• Mixed Land Use: Provide a variety of services in proximity to residential areas to reduce reliance on automobile travel and give residents transit options;
  • Compact Development: Create environments that use space in an efficient manner to encourage more walking, biking and public transit use;
  • Housing Choices: Create a range of housing opportunities and choices;
  • Existing Assets (Infill): Use existing assets to strengthen and direct development toward existing development areas;
  • Natural Resources: Conserve open space and agricultural land;
  • Quality Design: Foster distinctive, attractive communities with a strong sense of place and use land efficiently;
  • Education: Educate the public and decision-makers through a variety of mechanisms (such as presentations, workshops, handouts, news, tours); and
  • Monitoring and Evaluation: Measure the effectiveness of strategies in meeting goals and objectives.

Though adopted only two years ago, the Smart Choices strategies are already having a huge impact on city development.

Despite Strong Opposition, City Moves Forward

Strong opposition from adjacent neighborhoods often emerges as higher density projects are proposed. For example, early in 2005, the city council considered the Stonepoint project, a mixed-use development including two 10-story office towers, 225 high-density housing units, 350 medium-density housing units and a two-acre park. Compared with standard development, Stonepoint offered a blueprint-friendly mix of residential and business space, generating walkable neighborhoods and reducing automobile traffic. In the face of substantial public opposition, the blueprint objectives and the city’s Smart Choices strategies supported the decision-makers by demonstrating how the project would reduce sprawl and provide jobs and housing close to each other. Despite significant neighborhood opposition, the city council unanimously approved the Stonepoint project.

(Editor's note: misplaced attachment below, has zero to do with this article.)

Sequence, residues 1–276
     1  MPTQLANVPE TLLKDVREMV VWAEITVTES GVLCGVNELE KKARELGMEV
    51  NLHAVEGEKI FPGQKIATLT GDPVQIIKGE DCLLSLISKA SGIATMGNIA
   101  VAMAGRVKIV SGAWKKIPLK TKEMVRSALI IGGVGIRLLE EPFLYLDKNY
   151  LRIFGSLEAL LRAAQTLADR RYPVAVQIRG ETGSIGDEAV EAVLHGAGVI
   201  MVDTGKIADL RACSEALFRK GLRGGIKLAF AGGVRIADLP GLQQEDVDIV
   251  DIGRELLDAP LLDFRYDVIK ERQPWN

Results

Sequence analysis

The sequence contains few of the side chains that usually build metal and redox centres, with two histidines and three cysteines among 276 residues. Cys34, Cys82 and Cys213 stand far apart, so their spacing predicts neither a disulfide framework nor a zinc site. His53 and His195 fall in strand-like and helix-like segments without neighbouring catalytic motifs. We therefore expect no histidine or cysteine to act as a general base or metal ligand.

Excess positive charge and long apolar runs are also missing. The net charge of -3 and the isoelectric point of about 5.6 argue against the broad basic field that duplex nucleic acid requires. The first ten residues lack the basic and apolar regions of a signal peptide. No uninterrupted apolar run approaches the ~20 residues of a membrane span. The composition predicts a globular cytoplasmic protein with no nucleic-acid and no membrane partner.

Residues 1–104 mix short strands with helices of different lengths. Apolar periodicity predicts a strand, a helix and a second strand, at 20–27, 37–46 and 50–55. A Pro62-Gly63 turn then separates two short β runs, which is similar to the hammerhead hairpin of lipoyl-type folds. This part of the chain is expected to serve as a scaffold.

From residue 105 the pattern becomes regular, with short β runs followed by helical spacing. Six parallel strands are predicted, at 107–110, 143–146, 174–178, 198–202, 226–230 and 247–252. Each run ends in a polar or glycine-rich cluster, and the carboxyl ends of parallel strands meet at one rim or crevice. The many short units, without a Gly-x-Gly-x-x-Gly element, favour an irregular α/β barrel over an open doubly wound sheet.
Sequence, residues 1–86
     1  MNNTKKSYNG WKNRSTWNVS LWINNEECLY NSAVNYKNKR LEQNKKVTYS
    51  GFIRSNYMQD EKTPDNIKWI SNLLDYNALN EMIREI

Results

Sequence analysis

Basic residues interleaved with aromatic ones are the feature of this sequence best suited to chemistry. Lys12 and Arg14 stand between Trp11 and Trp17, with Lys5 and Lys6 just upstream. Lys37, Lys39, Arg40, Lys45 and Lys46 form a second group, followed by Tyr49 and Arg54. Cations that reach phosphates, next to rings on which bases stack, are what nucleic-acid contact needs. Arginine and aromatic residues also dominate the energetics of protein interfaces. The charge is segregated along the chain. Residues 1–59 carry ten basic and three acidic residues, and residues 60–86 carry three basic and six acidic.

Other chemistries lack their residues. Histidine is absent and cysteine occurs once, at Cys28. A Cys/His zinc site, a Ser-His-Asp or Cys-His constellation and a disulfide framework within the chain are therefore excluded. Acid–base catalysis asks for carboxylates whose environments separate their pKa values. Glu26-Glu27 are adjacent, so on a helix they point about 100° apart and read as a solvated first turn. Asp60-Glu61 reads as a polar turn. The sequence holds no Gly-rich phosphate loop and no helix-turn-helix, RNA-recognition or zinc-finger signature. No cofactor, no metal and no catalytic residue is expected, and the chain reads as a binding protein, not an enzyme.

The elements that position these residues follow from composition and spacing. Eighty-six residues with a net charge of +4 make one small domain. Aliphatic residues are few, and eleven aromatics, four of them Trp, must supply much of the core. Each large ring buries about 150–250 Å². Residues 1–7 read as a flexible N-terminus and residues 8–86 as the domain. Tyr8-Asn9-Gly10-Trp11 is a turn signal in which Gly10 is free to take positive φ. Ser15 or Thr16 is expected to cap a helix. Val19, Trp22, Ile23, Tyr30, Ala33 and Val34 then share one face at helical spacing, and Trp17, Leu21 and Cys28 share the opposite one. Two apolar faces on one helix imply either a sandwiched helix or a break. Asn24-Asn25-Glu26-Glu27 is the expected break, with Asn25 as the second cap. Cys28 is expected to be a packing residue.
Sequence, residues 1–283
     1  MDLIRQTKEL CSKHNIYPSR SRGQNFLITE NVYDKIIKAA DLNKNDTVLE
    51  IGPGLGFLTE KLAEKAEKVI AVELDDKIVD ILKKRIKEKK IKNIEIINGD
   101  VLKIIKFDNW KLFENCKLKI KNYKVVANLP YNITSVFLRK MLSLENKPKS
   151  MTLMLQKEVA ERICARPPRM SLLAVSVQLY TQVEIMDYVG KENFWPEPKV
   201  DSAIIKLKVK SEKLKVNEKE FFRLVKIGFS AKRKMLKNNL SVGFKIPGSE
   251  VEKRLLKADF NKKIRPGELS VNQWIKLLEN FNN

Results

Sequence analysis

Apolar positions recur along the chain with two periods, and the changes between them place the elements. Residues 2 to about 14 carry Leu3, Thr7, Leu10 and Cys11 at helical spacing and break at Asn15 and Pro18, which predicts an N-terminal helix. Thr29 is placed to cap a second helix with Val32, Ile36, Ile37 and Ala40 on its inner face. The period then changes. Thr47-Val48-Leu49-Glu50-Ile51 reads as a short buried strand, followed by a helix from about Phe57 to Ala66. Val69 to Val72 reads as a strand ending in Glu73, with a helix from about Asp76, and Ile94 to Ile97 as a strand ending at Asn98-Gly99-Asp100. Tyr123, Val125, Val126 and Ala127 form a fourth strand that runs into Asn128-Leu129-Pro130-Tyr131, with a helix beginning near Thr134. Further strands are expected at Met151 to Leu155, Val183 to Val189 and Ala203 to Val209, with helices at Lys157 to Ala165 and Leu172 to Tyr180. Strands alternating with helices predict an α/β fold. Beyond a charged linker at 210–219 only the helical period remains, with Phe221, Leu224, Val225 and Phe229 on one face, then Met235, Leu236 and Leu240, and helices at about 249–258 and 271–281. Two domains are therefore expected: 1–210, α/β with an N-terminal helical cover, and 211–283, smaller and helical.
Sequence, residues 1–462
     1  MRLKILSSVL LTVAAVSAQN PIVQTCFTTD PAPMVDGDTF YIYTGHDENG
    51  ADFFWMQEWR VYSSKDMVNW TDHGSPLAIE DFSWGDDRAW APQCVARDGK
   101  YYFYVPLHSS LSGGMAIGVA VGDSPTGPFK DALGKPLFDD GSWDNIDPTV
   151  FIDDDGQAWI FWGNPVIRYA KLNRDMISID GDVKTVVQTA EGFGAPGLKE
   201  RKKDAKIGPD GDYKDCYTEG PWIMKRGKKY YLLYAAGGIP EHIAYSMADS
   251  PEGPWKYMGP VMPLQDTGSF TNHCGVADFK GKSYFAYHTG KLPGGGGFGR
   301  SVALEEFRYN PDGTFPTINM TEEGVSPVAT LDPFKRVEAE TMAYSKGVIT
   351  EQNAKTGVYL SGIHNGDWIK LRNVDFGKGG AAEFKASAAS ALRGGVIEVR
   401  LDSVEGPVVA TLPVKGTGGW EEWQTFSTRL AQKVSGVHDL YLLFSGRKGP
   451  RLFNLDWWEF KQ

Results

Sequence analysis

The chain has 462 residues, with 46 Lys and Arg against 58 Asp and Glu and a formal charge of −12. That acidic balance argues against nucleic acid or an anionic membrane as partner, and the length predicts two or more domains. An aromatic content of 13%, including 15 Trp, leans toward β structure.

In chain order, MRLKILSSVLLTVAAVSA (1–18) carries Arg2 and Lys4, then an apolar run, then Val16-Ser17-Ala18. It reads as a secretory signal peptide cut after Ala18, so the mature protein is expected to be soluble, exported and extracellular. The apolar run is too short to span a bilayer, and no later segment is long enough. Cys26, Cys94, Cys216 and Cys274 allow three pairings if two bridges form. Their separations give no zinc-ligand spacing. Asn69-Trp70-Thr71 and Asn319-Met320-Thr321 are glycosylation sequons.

Smart Choices also informed decision-makers as they considered the city’s Riverside Specific Plan, which will revitalize an infill area with amenities and design guidelines to encourage mixed-use development, invoke a community feel and create a more pedestrian-friendly environment. A traffic circle will improve traffic flow and create an entry into the downtown. Again, the blueprint objectives, paired with the Smart Choices implementation strategy, inspired and guided the council to revitalize this traditional “auto row” into a vibrant walkable mixed-use commercial area.

In 2005, Smart Choices received the SACOG Salutes Excellence Award for this successful local model. The city continues to receive requests for the document from cities throughout the state interested in replicating its effort. In fulfilling its own commitment to changing growth patterns, the city’s Smart Choices model will help to influence smart growth in the region and throughout California.

Contact: Kathy Pease, senior planner, Planning & Redevelopment Department, City of Roseville; phone: (916) 774-5276; e-mail:

This article appears in the March 2007 issue of Western City